With Christian ethics in the news -- by way of the "Is there a hell?" debate among conservative evangelicals -- it's worth highlighting this interesting survey result from the Public Religion Research Institute:
Overall more Americans believe that Christian values are at odds with capitalism and the free market than believe they are compatible. This pattern also holds among Christians. Among Christians in the U.S., only 38% believe capitalism and the free market are consistent with Christian values while 46% believe the two are at odds. There are significant differences by gender, party and income.
Assuming this result is accurate, I'm actually surprised by the number of Americans unable to reconcile capitalism with Christianity. As it happens, they are absolutely correct; the Gospels are incredibly short on issues we associate with modern "values voting" -- abortion and homosexuality, mostly -- and incredibly long on reverence for the poor and disdain for the wealthy. Of course, that hasn't made much of a difference to the United States, which through its history, has combined religious piety with stunning accumulations of wealth.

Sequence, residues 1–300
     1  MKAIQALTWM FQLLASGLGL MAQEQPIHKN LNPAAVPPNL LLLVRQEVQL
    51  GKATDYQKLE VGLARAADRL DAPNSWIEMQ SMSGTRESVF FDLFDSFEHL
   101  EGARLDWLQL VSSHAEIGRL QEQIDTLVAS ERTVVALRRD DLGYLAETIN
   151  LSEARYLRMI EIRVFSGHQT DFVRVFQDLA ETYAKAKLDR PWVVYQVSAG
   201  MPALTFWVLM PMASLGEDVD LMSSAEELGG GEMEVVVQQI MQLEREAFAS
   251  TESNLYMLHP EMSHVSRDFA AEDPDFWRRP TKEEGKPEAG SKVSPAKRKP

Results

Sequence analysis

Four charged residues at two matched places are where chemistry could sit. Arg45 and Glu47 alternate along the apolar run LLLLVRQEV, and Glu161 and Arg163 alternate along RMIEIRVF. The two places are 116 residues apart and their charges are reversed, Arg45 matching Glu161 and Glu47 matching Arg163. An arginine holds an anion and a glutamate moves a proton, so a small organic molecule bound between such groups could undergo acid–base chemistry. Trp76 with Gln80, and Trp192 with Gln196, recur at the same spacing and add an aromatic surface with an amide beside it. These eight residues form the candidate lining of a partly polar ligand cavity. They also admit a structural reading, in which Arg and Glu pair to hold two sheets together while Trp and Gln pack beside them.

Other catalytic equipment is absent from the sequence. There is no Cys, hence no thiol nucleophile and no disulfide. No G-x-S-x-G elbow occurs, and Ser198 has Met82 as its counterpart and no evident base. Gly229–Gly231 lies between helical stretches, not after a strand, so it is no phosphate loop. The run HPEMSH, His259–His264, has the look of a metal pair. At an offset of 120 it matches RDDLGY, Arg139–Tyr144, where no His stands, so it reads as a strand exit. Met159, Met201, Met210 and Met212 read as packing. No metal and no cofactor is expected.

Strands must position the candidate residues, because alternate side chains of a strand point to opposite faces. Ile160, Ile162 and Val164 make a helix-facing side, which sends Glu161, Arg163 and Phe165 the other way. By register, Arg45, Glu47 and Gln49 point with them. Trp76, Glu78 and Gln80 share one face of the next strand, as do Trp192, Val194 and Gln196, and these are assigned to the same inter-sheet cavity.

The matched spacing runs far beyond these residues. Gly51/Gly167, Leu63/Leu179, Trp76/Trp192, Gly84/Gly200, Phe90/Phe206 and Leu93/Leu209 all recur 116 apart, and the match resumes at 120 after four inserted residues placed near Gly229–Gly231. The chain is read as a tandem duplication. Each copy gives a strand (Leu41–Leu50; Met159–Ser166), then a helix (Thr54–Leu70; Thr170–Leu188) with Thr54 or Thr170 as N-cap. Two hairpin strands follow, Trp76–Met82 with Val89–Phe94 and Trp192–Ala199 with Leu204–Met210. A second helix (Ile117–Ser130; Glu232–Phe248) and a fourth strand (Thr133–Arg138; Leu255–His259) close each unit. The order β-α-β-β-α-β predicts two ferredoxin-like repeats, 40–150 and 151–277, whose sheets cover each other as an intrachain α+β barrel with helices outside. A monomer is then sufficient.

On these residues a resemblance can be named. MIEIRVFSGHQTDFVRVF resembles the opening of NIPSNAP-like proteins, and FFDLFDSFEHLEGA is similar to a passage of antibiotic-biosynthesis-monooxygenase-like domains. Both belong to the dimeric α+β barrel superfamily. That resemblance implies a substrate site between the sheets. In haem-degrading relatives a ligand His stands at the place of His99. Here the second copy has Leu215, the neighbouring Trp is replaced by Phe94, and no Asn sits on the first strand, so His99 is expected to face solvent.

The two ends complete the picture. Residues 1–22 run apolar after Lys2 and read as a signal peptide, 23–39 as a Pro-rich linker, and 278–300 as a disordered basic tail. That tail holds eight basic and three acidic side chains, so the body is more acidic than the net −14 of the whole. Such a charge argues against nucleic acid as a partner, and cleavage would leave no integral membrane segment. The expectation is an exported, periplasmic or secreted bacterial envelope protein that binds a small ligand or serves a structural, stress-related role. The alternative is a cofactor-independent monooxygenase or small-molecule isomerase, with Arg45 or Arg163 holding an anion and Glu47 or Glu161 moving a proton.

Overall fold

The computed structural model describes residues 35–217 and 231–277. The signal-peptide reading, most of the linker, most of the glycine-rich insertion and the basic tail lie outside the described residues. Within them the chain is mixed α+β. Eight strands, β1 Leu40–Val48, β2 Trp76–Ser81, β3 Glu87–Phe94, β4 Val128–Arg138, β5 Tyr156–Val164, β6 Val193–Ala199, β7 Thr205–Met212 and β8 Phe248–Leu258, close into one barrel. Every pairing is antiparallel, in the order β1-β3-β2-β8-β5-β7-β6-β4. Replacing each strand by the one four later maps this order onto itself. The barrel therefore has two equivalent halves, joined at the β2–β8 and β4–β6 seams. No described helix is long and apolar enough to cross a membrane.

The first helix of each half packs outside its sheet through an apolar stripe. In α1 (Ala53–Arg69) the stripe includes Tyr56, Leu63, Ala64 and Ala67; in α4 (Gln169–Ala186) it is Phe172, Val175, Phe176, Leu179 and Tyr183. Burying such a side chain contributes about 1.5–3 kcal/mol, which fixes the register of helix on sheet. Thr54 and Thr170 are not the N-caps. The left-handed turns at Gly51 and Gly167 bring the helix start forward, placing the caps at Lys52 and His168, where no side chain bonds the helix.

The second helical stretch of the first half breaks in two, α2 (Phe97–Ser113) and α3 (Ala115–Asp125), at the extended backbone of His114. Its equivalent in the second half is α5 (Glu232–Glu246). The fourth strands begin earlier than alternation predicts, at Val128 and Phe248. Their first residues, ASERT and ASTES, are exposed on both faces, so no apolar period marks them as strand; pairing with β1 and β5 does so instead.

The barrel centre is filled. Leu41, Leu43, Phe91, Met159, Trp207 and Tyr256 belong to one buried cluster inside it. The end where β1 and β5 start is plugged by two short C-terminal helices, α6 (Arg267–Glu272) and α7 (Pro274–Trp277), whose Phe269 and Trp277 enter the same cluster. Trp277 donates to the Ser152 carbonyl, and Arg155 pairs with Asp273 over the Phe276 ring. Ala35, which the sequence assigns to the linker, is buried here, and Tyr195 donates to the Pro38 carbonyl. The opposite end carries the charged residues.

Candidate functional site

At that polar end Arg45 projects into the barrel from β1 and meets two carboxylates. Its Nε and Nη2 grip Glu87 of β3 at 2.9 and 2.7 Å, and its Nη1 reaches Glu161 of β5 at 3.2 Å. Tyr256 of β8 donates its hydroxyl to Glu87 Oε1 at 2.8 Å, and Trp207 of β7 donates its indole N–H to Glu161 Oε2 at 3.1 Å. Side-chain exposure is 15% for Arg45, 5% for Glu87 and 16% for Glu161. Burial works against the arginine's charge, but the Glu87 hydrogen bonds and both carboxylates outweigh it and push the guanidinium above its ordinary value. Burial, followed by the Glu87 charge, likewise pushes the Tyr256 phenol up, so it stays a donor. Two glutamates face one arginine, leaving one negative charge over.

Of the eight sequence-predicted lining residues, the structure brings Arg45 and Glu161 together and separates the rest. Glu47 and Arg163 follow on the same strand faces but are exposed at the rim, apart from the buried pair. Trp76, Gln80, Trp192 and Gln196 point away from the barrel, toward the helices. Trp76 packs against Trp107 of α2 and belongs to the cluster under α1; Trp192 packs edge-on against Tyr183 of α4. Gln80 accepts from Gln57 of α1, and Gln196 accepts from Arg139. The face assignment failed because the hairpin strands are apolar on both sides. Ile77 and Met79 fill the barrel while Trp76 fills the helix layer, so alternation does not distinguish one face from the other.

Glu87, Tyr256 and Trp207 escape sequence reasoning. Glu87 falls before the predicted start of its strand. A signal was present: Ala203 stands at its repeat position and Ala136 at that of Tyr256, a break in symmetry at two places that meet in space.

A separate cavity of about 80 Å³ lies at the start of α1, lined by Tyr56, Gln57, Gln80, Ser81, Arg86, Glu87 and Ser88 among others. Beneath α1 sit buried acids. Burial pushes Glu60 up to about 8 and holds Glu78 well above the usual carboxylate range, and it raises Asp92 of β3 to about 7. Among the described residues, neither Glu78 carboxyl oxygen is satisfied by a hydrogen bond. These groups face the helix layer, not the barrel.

That said, there is a good explanation for the particular willingness of Republicans/Tea Partiers to see congruence between Christianity and capitalism: In short, they're conservative evangelicals. At the risk of oversimplification, the politicization of conservative evangelicals has long since become a politicization of evangelical theology (Andrew Sullivan calls it "Christianism"). Accordingly, the broad acceptance of income inequality has had a place in evangelical thought for at least several decades. What's more, this is all related to a broader willingness to accept existing social inequalities as divinely ordained (for instance, segregation), but that's a different and longer post.